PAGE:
Yule­tide joys

Thirty years ago, Ge­of­frey Smith was in­tro­duced to a real English Christmas and seeks its spirit this year

Country Life Every Week - - Performing Arts -

Some 30 years ago, my prospec­tive mother-in-law wel­comed me into the fam­ily with a proper Yule­tide gath­er­ing: drinks, nib­bles, friends and neigh­bours as far as the eye could see. As a true-born son of the Amer­i­can mid­west, where the hol­i­days meant snowy fields, wideopen spa­ces and quiet, I was a lit­tle taken aback by this tide of bon­homie and mulled wine and, af­ter a while, re­treated to the study. In due course, my moth­erin-law came to tell me the coast was clear and beamed: ‘Well, you’ve been bro­ken on the wheel of an english Christmas!’

In the years since, how­ever, I’ve be­come a devo­tee of the english Christmas, ap­pre­ci­at­ing both its rit­u­als of fam­ily and com­mu­nity and the way those qual­i­ties are given mu­si­cal ex­pres­sion, as rich and var­ied as the fes­ti­val it­self, with its mix­ture of jol­lity and rev­er­ence, mys­tery and plenty. even in an avowedly sec­u­lar age, peo­ple still re­spond to the trad- itional strains that have evoked the Yule­tide sea­son for cen­turies, par­tic­u­larly in struc­tures of his­toric beauty where mu­sic, ar­chi­tec­ture and faith be­come one.

In churches across the coun­try, the Fes­ti­val of Nine Lessons and Car­ols re­tains its power and re­mains one of the fixed points in my hol­i­day cal­en­dar. For the spe­cial aura of old stone and time­less song, I’m al­ways drawn to the mag­nif­i­cent Church of St Bartholomew the Great in ec1, which of­fers a va­ri­ety of carol ser­vices through­out Ad­vent (www.great­st­barts.com; 020– 7600 0440).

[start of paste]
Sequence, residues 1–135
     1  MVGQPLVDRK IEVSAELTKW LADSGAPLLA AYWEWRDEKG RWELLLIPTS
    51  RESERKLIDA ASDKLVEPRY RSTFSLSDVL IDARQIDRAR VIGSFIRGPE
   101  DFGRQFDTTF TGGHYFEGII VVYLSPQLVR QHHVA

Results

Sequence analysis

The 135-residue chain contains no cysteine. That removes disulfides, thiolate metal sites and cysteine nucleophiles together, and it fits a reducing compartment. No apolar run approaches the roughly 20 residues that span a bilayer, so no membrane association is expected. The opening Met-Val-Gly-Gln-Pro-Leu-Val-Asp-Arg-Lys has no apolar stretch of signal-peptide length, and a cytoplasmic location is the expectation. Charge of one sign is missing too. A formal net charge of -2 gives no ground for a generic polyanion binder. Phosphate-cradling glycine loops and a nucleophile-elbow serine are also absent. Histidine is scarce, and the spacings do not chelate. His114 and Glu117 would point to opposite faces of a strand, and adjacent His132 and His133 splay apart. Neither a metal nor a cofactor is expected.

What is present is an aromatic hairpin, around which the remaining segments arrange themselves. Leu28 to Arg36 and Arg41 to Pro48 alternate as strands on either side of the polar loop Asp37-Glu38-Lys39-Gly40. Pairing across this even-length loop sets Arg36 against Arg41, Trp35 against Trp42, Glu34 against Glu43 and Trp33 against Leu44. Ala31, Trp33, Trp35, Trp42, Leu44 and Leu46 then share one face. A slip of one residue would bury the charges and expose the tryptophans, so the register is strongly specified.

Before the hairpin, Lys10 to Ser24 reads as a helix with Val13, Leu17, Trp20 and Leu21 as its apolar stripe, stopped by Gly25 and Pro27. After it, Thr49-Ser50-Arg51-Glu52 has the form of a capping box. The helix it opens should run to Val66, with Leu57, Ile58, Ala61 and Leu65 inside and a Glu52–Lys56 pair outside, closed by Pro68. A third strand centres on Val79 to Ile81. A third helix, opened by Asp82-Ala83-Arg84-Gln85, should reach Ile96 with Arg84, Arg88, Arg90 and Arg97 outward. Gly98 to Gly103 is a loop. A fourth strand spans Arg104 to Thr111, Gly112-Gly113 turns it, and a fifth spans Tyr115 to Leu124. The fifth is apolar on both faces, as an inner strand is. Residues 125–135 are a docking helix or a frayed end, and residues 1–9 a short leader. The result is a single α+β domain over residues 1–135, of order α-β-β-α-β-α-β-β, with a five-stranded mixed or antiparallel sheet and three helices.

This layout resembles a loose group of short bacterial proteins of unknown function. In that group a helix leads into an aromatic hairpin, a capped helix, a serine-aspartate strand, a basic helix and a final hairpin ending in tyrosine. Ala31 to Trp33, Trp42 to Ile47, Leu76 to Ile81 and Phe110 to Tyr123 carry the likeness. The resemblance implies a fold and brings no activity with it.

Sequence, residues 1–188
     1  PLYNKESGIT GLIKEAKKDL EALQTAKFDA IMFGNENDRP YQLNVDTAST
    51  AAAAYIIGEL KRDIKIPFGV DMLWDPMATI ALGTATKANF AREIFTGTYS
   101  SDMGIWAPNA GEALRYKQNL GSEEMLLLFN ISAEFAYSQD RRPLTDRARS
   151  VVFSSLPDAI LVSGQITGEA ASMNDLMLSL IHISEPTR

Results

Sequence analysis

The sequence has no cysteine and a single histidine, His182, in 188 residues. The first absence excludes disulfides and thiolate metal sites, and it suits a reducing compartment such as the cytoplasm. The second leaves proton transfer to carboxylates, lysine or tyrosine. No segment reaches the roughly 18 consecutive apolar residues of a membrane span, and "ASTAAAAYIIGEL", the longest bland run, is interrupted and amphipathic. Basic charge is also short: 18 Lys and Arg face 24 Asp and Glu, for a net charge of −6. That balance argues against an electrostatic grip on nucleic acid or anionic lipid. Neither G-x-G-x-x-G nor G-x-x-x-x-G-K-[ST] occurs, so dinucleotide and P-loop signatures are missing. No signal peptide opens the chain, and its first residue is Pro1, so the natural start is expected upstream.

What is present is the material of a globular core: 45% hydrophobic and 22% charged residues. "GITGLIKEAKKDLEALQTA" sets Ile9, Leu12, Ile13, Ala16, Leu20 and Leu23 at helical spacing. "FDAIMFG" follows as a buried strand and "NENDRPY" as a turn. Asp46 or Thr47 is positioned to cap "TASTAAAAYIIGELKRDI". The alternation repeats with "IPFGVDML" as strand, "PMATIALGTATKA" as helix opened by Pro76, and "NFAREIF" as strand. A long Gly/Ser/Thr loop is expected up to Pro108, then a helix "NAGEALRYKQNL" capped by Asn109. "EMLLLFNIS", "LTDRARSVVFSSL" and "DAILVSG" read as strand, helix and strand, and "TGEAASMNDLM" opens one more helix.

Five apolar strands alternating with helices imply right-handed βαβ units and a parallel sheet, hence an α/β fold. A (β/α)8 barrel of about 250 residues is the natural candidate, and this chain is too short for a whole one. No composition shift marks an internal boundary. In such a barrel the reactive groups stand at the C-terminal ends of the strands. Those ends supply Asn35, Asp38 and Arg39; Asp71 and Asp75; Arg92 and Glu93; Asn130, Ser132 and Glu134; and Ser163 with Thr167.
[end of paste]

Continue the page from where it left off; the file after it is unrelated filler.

By con­trast, the Christmas Fes­ti­val at St John’s Smith Square, SW1 (020–7222 1061; www.sjss.org. uk), in its 31st year, is renowned for pre­sent­ing an ar­ray of mu­si­cal plea­sure, a Yule­tide ban­quet of treats, sur­prises and sea­sonal favourites in pris­tine Baroque splen­dour. No­table among its of­fer­ings from De­cem­ber 9 to 23 is In Honour of the Vir­gin, by the Car­di­nall’s mu­sick, fea­tur­ing mar­ian set­tings by the likes of Byrd, Las­sus and Vic­to­ria and con­clud­ing with Palest­rina’s grand Mag­ni­fi­cat primi toni.

Ger­man ge­nius takes cen­tre stage in a con­cert by La Nuova mu­sica, in­clud­ing Bach can­tatas, a Haydn mass for St Ni­co­las and mozart’s show­piece aria, Ex­ul­tate, Ju­bi­late, sure to be a Christmas cracker for vir­tu­oso so­prano Lucy Crowe. Crown­ing the fes­ti­val in the grand­est style will be Bach’s B Mi­nor Mass and Han­del’s Mes­siah, which has be­come a kind of sig­na­ture piece for con­duc­tor Stephen Lay­ton, with the orches­tra of the Age of en­light­en­ment and a starry cast of singers, in­clud­ing Iestyn Davies.

Not sur­pris­ingly, per­haps, Mes­siah is a sig­na­ture piece for the whole Yule­tide sea­son, with per­for­mances up and down the land—in Cardiff, for in­stance, where the BBC Na­tional Cho­rus of Wales and the orches­tra of Welsh Na­tional opera com­bine in St David’s Hall on De­cem­ber 13 (www.st­david­shall­cardiff.co. uk; 029–2087 8444).

Mes­siah con­nois­seurs will note that the solo alto part will be sung, as in Han­del’s pre­miere, by a mezzo-so­prano—the

There is plenty on of­fer whether you’re seek­ing the massed-choir majesty of Mes­siah or the pure clar­ity of a choir­boy’s carol

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